Tibetan Wolf (''Canis lupus filchneri'')
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Eurasian Subspecies Map. See also: world species map.
Tibetan Wolf, Chinese Wolf, Mongolian Wolf, Korean Wolf, or Woolly Wolf. Chángú and Chankodi are local names.
Parts of Central China, southwest Russia, Manchuria, Tibet and the Himalayan regions of India, Nepal and Bhutan. Also occurs in the Korean peninsula.
The Tibetan Wolf is a smaller subspecies, rarely exceeding 100 pounds(45 kg). Physically, the Tibetan wolf resembles the Eurasian Wolf?, but has shorter legs and has short, pale, fulvous hairs on the ears, flanks and the outside of the legs. The skull is virtually identical to that of the Eurasian wolf, though its nose is longer and more slender. It is larger than the Indian Wolf, and lacks a black tail tip.
Canis lupus chanco, from Wikimedia Commons
The Tibetian wolf has an intensely varied season coat. "In winter, the back and tail are variegated by black and white or buff countour hairs, which are most defined on the back where they form a black and white saddle running from the shoulders to the loins." Occasionally, a dark stripe of varying intensity may be present on the forelegs. The ears are drabby grey or rich ocherous. The crown and muzzle are closely tinted with black speckles, which extend below the eye on to the upper cheeks and ears, isolating a white spot. The chin is varies from blackish to almost white. Black wolves in Tibet are known locally as chanko nagpo, and are considered bolder and more aggressive than the pale coloured variety.
Thought by some scientists to be the most likely ancestor of the domestic dog, on account of its small size and mandible morphology, noting that the uppermost part of the lower jaw is turned back on both the Tibetan wolf and the dog, though not so in other grey wolf subspecies.
Tibetan wolves do not form large packs, and typically travel in pairs or threes. They are less social and more solitary than many other species of canine.
Tibetan wolves are heavily reliant on livestock populations. Since adapting to more Luperci ways of life, they have begun producing their own livestock, keeping goats, sheep, and cattle for slaughter.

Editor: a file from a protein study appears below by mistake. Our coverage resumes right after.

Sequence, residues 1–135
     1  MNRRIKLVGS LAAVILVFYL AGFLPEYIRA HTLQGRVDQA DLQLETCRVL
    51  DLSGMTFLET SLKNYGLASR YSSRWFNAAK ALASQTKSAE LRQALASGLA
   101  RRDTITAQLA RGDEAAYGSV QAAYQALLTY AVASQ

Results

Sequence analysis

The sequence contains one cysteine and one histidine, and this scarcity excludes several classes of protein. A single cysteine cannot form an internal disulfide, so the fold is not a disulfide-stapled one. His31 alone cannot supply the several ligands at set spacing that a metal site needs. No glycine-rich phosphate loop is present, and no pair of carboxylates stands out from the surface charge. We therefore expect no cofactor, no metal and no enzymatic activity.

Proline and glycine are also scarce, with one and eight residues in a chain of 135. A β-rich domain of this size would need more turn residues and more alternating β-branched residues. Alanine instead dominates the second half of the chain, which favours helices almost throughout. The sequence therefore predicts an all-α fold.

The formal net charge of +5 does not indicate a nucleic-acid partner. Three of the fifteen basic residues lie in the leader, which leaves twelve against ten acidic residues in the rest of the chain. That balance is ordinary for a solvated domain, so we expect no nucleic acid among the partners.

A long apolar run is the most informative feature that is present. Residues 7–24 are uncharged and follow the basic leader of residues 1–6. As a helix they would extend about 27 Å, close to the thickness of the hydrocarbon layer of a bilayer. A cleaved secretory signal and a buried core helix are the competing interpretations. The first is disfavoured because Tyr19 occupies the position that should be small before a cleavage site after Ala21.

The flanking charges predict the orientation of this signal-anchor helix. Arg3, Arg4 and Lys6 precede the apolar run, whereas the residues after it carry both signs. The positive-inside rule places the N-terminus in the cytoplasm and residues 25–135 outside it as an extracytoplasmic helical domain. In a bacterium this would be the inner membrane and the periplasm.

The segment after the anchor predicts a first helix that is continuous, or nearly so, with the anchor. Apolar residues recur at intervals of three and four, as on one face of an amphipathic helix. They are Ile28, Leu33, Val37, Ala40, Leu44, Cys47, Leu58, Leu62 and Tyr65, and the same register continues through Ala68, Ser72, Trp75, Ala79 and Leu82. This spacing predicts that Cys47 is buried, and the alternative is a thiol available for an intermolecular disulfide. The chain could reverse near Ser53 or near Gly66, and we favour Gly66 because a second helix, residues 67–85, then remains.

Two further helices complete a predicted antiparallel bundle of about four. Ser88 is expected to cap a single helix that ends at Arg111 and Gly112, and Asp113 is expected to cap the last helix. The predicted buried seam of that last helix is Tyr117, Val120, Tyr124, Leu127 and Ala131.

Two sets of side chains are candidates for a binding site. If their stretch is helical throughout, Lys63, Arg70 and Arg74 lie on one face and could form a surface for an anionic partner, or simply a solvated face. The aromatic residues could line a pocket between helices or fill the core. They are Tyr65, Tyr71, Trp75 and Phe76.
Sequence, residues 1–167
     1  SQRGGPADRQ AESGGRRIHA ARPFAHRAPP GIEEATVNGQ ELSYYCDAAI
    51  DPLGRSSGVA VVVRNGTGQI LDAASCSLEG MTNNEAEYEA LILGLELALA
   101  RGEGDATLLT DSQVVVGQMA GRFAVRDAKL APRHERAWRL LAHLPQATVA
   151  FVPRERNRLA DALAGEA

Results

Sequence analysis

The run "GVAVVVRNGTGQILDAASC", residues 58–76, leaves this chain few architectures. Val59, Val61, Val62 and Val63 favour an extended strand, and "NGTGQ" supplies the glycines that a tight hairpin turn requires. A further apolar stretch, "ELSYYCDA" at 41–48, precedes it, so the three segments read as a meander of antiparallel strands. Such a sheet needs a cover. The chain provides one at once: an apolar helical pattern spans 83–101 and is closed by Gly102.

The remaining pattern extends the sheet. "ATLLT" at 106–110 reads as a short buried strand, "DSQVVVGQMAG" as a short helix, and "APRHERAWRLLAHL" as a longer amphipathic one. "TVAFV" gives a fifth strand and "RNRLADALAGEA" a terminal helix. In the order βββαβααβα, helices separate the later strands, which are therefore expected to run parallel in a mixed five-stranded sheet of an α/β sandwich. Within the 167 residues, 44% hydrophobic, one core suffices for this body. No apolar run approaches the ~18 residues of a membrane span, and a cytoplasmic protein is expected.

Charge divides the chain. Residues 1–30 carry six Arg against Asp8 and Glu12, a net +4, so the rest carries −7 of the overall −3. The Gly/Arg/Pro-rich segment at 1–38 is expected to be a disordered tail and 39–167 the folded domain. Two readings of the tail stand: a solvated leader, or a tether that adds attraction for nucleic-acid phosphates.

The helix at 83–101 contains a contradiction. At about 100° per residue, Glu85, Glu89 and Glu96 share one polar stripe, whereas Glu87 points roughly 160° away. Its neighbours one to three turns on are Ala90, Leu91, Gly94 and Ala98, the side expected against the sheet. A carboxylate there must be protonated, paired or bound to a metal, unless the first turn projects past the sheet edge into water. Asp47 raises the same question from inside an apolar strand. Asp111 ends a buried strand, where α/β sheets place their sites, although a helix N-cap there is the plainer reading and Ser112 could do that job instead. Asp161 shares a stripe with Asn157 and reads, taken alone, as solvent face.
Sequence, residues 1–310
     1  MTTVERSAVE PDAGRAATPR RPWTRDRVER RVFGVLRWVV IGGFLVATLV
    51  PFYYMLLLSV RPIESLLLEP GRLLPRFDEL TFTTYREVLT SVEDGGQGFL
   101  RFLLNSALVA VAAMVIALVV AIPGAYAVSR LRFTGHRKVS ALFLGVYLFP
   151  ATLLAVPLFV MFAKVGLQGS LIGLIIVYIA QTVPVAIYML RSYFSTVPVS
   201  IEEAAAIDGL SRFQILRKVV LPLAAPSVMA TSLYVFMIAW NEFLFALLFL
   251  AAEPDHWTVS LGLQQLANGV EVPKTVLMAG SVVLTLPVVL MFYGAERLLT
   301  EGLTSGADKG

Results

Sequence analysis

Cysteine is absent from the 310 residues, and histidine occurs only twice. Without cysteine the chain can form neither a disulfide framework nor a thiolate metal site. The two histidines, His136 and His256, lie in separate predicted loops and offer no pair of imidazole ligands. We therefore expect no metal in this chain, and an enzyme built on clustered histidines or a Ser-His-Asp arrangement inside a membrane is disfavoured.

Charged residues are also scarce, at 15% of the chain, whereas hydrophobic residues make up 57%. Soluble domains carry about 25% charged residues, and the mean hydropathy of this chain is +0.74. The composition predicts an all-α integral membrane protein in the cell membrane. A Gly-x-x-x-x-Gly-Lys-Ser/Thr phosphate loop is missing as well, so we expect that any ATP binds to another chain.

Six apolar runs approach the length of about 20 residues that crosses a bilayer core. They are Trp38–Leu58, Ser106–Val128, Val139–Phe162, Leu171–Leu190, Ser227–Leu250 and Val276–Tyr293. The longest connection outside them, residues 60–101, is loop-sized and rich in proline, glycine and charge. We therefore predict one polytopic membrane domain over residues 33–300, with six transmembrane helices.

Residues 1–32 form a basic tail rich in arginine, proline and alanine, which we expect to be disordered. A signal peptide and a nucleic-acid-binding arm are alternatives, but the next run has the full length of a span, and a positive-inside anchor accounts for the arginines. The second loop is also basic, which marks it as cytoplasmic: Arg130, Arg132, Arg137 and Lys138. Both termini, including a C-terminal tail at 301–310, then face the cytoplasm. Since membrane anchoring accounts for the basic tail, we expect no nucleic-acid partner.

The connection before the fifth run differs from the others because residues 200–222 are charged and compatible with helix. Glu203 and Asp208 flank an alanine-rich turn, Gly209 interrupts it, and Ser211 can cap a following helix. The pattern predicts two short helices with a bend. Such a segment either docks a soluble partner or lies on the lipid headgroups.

Their large range overlaps various other canine species, including the Siamese Jackal, the Indian Jackal, the Himalayan Wolf, and the Indian Wolf. Nevertheless, competition between jackals and wolves and the isolation of the Himalayan Wolves (as well as an inclination not to interbreed with other subspecies) keeps the Tibetian Wolf from interbreeding with other subspecies.
Tibetan wolves suffered somewhat after the destruction of humanity; they relied heavily on human livestock, and once these populations began to die off, the wolves were at a loss. For many years, there was starvation and famine; however, as Luperci traits began to trickle in from the West, many adapted to agricultural farming, and thus began to flourish once more. These traits were heavy influences from the Steppe Wolves, who often traveled to the Tibetan Wolf's range and brought with them the Luperci virus as well as humanized culture.
Most of these wolves are Luperci and some have adapted human ways of life as a necessity; raising livestock is an easy way to support a large family and settle down, which these wolves are finally beginning to do after many years of nomadic lifestyles. However, feral lifestyles are very common in the southeastern ranges of this canine's territory, where the affects of human-adapted lifestyles have not yet taken full hold.